Economic Crime Agency Network (ECAN)
Established in February 2013, ECAN is a formal network of law enforcement organisations involved primarily in the investigation and prosecution of economic crimes. CPIB is member of this Network, which includes 12 law enforcement agencies from various jurisdictions such as Australia, Canada, the European Union, Hong Kong, Indonesia, Malaysia, New Zealand, Nigeria, the United Kingdom and the United States. CPIB regularly attends annual ECAN meetings and had hosted the Network’s second meeting in 2014.
G20 Anti-Corruption Working Group (ACWG)
The Group of Twenty or G20 is an international forum comprising of countries from 20 major economies. In 2010, G20 Leaders established the ACWG at the Toronto Summit in 2010 in recognition of the significant negative impact of corruption on economic growth, trade and development. Since 2010, the work of the ACWG has been guided by two-year action plans that include commitments by G20 countries to ratify and implement the United Nations Convention against Corruption, criminalise and prosecute foreign bribery, and cooperate with other countries to investigate, prosecute and return the proceeds of corruption. Singapore has been attending G20 meetings as a guest country since 2011 and in this regard, CPIB attends the G20 ACWG meetings which are usually held thrice a year.
International Association of Anti-Corruption Authorities (IAACA)
IAACA was established in October 2006 with the aim of facilitating the implementation of UNCAC and advancing the agenda of international cooperation against corruption. Spearheaded by the People’s Republic of China (PRC) with support from the United Nations Office on Drugs and Crime (UNODC), the IAACA currently has more than 300 organizational members comprising of law enforcement institutions tasked with fighting corruption, and more than 2000 individual members including prosecutors, investigators and experts with experience in anti-corruption research or practice.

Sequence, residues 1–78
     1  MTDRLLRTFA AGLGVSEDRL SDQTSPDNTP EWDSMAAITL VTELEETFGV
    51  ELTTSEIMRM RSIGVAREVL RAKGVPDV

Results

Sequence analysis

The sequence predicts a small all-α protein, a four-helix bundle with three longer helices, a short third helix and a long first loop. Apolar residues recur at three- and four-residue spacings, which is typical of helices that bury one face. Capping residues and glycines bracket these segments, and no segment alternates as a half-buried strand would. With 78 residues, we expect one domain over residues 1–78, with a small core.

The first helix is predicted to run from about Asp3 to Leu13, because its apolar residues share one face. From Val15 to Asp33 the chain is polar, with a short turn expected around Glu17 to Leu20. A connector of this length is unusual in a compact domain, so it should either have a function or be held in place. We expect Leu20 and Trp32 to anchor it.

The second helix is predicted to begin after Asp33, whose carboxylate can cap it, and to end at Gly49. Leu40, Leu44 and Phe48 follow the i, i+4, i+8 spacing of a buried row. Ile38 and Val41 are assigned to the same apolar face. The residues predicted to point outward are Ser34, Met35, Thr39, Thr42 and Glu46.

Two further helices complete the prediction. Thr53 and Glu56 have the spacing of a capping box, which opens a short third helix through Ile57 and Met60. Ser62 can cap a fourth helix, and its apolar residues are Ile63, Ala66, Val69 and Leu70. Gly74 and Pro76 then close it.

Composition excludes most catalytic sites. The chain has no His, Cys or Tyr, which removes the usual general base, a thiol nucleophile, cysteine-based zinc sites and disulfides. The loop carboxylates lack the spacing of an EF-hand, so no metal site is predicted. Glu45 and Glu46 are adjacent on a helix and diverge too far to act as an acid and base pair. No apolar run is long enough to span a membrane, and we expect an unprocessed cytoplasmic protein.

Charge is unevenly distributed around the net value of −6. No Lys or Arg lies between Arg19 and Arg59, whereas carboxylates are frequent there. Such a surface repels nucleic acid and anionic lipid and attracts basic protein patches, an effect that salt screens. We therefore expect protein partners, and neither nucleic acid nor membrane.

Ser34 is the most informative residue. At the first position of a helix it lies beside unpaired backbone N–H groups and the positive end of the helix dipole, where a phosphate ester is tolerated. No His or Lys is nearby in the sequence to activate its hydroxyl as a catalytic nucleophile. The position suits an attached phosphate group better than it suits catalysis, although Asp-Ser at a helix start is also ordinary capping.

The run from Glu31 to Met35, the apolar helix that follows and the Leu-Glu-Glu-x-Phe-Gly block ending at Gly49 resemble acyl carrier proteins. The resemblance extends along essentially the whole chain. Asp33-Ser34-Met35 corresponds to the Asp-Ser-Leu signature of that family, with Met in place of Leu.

The IAACA typically has three events on its calendar per year – an Executive Committee meeting, an Annual Conference and General Meeting and a seminar. CPIB participates in the IAACA as an Executive Committee member.
International Anti-Corruption Coordination Centre (IACCC)
In July 2017, CPIB joined the UK National Crime Agency (NCA) and law enforcement agencies from other countries [i.e. US (Federal Bureau of Investigations & Department of Homeland Security, Immigration and Customs Enforcement, Homeland Security Investigations), Australia (Australian Federal Police), New Zealand (Serious Fraud Office & New Zealand Police) and Canada (Royal Canadian Mounted Police)] to launch the UK-led International Anti-Corruption Coordination Centre (IACCC) in London. The IACCC will enhance timely sharing of information relating to grand corruption. Acts that might fall into the category of grand corruption include:
- Bribery of public officials
- Abuse of function
- The laundering of the proceeds of crime
CPIB has seconded a senior officer to the IACCC since September 2017, who works closely with representatives from the other foreign agencies on board the IACCC to coordinate global law enforcement responses to allegations of grand corruption.
On 30 July 2020, the IACCC launched a new Associate Membership Scheme (AMS) that allows law enforcement agencies from smaller financial centres to join the IACCC as Associate Members. 8 new law enforcement agency members has signed the MOU and joined the IACCC via the AMS. They are the Cayman Islands Anti-Corruption Commission, Gibraltar Financial Intelligence Unit, Guernsey Financial Intelligence Unit, Isle of Man Financial Intelligence Unit, Jersey Financial Intelligence Unit, Mauritius Independent Commission Against Corruption, Seychelles Anti-Corruption Commission, Turks and Caicos Islands Integrity Commission.